Guide to buying Property in The Gambia
Thanks to the governments policy of free enterprise and hundreds of millions
of dalasis public and private investment, The Gambia has now entered its
"Golden Age", and good times have returned for the Gambian property
market, according to agents, property developers, buyers and sellers alike.
Prices have now reached, and in many cases surpassed, the 1988-1989 highs.
The big difference between now and the '80's is that both outsiders and
the locals are vying for the ‘action’ since The Gambia has
become a world class tourist resort, with a improving infrastructure,
excellent climate, secure and a local administration which really cares
The result is that the influx of property buyers are now coming with
a firm intention to purchase. In other words The Gambia has gained unprecedented
acceptability from a more demanding and sophisticated market. But the
buyer's problem finding a suitable property, negotiating for its purchase,
and closing the sale remains unchanged: as in most resort areas everybody
seems to be in the business, from the taxi driver to the hall porter in
the Hotel. Property is everyone's favorite subject of conversation. And
almost everyone is going to have opinions, many of which can easily confuse
a potential purchaser.
Where to start?
Finding property in The Gambia Some people spend years looking for a
property. Others are lucky enough to find a property and have the confidence
to purchase on their first visit to The Gambia. Yet others take their
time, visit during several days three or four times, until they feel comfortable
with their eventual decision.
What type of property are you looking for? And in which area
of The Gambia?
Many potential purchasers think they are looking for one type and, surprise!,
end up purchasing something totally different. Unless you are very clear
about what you want, and are sure that it exists, look at different types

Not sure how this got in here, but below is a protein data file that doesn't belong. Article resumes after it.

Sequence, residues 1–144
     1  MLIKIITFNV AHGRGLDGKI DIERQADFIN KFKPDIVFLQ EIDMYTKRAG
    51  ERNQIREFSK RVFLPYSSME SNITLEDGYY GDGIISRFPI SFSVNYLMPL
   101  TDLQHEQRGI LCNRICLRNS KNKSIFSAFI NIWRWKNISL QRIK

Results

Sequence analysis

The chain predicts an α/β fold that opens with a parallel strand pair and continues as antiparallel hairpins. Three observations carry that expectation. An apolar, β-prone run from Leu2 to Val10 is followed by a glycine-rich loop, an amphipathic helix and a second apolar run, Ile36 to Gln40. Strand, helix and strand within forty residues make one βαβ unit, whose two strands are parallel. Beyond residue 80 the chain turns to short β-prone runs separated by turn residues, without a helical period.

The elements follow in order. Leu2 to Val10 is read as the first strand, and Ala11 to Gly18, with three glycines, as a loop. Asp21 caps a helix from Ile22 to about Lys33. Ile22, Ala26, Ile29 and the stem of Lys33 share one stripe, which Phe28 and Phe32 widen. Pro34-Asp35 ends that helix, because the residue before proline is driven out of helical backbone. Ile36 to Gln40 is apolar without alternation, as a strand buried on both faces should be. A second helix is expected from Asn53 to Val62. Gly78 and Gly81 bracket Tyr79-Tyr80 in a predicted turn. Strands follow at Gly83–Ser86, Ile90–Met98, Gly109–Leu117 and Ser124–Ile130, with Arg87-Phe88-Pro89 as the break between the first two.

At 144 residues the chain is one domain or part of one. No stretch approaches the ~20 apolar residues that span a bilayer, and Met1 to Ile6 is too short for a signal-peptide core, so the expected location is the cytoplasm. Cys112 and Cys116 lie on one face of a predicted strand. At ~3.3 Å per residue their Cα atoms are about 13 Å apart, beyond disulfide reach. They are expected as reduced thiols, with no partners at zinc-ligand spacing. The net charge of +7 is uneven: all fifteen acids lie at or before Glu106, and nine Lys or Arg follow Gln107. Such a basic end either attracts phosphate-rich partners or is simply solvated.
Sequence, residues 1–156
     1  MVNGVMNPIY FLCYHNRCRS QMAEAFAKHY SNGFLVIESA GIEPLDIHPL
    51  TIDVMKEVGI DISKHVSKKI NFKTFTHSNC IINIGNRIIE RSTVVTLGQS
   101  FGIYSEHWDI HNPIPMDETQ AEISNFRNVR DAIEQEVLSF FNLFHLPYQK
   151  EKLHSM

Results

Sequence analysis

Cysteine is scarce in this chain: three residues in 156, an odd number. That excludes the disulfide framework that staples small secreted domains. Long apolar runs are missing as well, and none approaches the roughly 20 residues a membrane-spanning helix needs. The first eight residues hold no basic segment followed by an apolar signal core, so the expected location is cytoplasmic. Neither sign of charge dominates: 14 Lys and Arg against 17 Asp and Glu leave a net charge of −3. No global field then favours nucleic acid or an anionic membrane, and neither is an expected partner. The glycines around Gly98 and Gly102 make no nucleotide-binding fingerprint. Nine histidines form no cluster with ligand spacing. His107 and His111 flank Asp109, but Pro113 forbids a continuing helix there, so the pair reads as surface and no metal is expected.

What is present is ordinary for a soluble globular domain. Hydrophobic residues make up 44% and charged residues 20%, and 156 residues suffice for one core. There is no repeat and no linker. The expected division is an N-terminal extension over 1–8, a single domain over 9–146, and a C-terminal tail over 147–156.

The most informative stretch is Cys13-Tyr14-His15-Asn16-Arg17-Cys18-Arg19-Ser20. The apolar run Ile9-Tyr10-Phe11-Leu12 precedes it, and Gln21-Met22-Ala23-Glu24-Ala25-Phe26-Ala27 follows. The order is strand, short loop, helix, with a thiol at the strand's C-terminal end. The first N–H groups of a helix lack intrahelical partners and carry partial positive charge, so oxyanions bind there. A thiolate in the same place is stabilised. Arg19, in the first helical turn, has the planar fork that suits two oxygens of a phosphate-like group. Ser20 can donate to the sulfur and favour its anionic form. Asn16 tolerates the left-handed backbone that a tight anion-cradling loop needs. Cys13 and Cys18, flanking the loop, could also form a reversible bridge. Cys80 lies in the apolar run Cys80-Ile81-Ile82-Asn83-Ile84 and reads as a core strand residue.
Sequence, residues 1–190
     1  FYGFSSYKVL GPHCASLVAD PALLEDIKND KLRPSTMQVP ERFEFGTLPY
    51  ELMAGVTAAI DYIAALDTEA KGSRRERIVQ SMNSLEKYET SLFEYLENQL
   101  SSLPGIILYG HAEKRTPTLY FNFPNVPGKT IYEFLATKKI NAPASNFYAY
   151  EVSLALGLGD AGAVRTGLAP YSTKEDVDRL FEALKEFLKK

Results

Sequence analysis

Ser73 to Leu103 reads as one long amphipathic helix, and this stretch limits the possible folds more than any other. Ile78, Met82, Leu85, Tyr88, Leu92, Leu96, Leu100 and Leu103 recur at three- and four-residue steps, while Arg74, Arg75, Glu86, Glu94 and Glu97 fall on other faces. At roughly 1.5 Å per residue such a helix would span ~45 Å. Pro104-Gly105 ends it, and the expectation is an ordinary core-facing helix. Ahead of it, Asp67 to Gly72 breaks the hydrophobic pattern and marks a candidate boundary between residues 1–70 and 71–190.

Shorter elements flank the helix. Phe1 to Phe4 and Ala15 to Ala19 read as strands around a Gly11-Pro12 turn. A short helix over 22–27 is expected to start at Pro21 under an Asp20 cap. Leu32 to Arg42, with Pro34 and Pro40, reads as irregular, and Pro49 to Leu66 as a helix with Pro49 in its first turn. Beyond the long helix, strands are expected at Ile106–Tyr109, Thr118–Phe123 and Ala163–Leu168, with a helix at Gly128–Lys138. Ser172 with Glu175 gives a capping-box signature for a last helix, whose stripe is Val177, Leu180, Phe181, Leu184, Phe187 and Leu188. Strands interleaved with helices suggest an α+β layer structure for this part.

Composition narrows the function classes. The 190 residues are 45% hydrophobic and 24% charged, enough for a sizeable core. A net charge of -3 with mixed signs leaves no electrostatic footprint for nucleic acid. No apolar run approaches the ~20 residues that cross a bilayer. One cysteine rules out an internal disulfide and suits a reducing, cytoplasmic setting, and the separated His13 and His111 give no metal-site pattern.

of properties in different residential areas, with an open mind. This
will also help build up your knowledge of real estate values in this area:
every area in the world has its own market fundamentals and dynamics,
and looking at lots of properties will help you answer the basic question
what is value in this area? When you have answered this, you will certainly
be able to make an offer with much more confidence.
Certainly, choosing a reputable real estate agent saves time. There are
a dearth of highly qualified real estate agents in The Gambia, and quite
a few of the more opportunistic and less qualified ones as well, as in
any resort area. One should try to choose an agency with a good inventory
of resale and new properties on their books; and should be open, sincere,
communicative, professional and appear genuinely interested in helping
you achieve your objectives rather than just earning a commission.
A good agent will share his knowledge and experience in the property
field; help to explain the pros and cons of different areas and properties;
interpret your requirements and inform you as to the real sales prices
of properties recently sold. He can also help you negotiate the eventual
sale to completion and settling in afterwards. While agents may not be
the cure-all to property buying, a good one can guide you professionally
through the experience, giving you fair comparisons of both new and resale